Okay, so let's suppose that we add a little bit of strong acid now to it. Let's say it's .1 mole, again per liter of final solution to keep it simple here. We're going to and 1/10 mole per liter of strong acid to this solution. Now, what's going to happen? Remember that a buffer responds to strong acid by the base consuming that acid, the weak base. And so, in this case, formate is going to react with the H plus until effectively all of the H plus is gone. And so, the first thing we need to ask for any buffer problem is, "What are the major species in solution and about what are their concentrations?" Let's think now for a moment about what we've got. We started with 0.5 moles per liter of formate, but we consumed a tenth mole per liter of that formate by using that H plus. So we now have only .4 moles per liter of the formate at equilibrium. On the other hand, by consuming the formate with H plus, we made tenth mole of formic acid. So, whereas we started with 1 molar formic acid, we now have 1.1 moles of formic acid. Okay, before we do anything calculations at all, that is the crucial step to a buffer problem, as far as identifying what happens when you add an acid or base. The first step always is to do the overall crude reaction, if you will. Then we'll go ahead and make our equilibrium calculation. But the main thing going on, we add strong acid, the formate consumes the strong acid. That's the main game that's happening here.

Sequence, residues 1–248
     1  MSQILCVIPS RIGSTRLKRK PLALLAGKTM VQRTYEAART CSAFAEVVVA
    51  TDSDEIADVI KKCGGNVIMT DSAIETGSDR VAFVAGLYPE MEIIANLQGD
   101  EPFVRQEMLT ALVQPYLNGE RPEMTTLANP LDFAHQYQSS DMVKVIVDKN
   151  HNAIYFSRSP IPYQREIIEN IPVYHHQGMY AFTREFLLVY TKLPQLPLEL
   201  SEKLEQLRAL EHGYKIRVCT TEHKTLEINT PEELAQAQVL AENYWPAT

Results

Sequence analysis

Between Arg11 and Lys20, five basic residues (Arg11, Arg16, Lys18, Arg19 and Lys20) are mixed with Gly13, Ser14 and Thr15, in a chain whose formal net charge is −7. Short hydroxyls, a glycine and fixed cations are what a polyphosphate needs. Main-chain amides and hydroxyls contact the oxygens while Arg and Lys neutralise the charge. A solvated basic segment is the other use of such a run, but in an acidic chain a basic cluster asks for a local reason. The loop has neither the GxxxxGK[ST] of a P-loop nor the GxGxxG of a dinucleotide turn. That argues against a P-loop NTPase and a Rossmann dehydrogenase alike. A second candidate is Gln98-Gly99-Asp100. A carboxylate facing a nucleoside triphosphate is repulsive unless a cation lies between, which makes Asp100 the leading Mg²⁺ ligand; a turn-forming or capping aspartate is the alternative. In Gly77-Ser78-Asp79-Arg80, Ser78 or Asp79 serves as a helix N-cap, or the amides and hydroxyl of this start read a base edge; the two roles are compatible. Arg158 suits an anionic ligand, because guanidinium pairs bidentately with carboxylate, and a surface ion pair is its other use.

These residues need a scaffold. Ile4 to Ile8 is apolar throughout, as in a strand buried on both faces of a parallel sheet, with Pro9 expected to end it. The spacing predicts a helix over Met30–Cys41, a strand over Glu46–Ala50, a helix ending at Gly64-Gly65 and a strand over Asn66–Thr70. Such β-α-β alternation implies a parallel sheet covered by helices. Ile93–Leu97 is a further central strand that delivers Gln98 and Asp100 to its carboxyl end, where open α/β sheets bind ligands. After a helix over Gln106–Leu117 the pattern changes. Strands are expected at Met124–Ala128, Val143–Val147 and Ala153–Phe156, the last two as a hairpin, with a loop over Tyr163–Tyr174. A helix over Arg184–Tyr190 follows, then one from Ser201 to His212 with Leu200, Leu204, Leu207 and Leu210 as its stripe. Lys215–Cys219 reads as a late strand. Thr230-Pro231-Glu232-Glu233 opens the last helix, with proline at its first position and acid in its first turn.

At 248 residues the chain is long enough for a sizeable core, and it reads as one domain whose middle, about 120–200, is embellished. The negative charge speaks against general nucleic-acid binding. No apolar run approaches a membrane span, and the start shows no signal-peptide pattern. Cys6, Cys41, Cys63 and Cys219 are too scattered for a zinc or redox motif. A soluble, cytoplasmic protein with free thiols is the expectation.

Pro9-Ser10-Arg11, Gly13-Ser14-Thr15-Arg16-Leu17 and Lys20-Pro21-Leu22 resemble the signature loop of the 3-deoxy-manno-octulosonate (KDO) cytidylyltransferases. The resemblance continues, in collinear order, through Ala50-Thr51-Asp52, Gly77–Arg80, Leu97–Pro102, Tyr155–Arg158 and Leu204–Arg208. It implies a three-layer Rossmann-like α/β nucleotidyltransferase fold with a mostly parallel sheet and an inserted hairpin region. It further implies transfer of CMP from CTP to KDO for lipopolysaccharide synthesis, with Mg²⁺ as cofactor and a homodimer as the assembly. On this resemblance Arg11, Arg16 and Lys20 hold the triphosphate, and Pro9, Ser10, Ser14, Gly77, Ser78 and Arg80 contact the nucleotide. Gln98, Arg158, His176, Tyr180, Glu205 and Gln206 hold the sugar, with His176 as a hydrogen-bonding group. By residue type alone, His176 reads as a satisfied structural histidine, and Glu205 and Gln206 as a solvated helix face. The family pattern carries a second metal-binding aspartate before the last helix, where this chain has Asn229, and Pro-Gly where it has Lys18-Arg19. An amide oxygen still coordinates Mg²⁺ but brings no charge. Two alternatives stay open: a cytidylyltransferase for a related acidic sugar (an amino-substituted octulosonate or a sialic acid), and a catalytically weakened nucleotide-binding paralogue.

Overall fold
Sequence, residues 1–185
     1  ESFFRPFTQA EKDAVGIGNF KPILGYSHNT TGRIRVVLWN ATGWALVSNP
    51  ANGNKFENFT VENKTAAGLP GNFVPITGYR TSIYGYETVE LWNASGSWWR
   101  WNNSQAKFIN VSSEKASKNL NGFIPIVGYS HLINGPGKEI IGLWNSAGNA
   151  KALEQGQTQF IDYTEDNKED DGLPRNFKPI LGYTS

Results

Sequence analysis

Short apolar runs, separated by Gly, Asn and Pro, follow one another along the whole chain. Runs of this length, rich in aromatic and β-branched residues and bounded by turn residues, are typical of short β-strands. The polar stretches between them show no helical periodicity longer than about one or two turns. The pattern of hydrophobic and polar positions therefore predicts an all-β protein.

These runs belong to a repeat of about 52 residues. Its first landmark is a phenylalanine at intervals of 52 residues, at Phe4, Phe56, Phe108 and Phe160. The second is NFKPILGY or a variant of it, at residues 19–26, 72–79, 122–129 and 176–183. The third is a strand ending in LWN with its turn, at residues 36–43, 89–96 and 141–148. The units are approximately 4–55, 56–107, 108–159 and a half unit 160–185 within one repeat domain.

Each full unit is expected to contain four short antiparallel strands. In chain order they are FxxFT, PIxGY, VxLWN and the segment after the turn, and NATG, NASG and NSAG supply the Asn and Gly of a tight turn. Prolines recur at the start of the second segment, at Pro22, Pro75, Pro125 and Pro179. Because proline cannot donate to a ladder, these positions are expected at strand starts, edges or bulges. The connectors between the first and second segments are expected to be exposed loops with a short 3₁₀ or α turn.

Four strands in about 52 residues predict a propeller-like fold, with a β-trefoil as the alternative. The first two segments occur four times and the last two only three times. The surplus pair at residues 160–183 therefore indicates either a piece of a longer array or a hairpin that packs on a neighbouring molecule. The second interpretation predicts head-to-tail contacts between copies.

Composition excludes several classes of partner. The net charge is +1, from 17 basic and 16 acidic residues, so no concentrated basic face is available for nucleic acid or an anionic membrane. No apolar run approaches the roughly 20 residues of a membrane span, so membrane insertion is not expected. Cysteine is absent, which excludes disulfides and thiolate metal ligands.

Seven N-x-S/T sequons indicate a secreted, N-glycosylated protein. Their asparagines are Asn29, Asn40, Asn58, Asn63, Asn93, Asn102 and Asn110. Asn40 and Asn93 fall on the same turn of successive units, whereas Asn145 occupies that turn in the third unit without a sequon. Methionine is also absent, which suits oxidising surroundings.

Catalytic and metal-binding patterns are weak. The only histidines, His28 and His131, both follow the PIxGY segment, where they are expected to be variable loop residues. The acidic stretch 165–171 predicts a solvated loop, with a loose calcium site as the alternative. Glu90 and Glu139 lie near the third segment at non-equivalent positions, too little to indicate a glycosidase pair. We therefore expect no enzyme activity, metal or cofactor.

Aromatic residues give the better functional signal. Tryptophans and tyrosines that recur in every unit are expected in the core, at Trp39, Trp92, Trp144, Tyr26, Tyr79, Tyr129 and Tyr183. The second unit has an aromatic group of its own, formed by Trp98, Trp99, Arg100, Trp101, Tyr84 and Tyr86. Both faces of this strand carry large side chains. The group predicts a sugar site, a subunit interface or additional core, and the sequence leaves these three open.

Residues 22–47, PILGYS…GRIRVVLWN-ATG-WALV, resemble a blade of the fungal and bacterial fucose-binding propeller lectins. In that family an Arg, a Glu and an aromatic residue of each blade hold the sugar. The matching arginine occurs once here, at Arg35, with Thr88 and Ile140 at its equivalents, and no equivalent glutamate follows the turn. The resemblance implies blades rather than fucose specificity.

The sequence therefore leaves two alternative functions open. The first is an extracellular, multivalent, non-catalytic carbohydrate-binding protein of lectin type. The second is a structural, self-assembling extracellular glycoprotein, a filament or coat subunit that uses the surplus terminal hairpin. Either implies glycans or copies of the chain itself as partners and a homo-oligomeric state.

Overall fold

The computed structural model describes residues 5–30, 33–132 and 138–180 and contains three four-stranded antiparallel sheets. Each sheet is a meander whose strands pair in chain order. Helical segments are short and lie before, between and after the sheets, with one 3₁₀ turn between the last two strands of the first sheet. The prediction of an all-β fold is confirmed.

Now, the final question is just what is the pH in this case? All right, well, we now have an initial concentration of .4 moles per liter of the formate. Now again, I'm saying initial, meaning after we added the H plus and it reacted with the formate, but before we let the system come to its new equilibrium. So .4 mole per liter is our concentration of formate now. And again, our concentration of formic acid is 1.1 mole.
Okay, so we set-up our equilibrium expression. Concentration of H plus, once again, is our unknown, x. Our concentration of our formate now is going to be .40 plus x, again, plus whatever little bit of the formic acid dissociates to give us formate. And you'll notice that this is all independent of whether we added strong acid, or strong base or anything like that. The only thing that we needed to know was when we added strong acid, we lost some of the formate, we gained some formic acid. But the way we proceed from here on out is exactly the same that we did before. This is going to be amount of formate plus a little bit more that comes from formic acid. So .40, instead of .5, plus x, just like before, times concentration of H plus divided by concentration of formic acid. 1.1 moles now, instead of 1, minus x. Again, just as we did it before. Once again, the same assumptions are going to apply. We're going to hope that x is very small compared to .4 or 1.1, and we'll check that assumption. We end up then with a calculation of - let's see, that equals to the K[a]. So we're going to assume that that's .4 divided by 1.1 times x. And so, x ends up being 4.9 times 10^-4.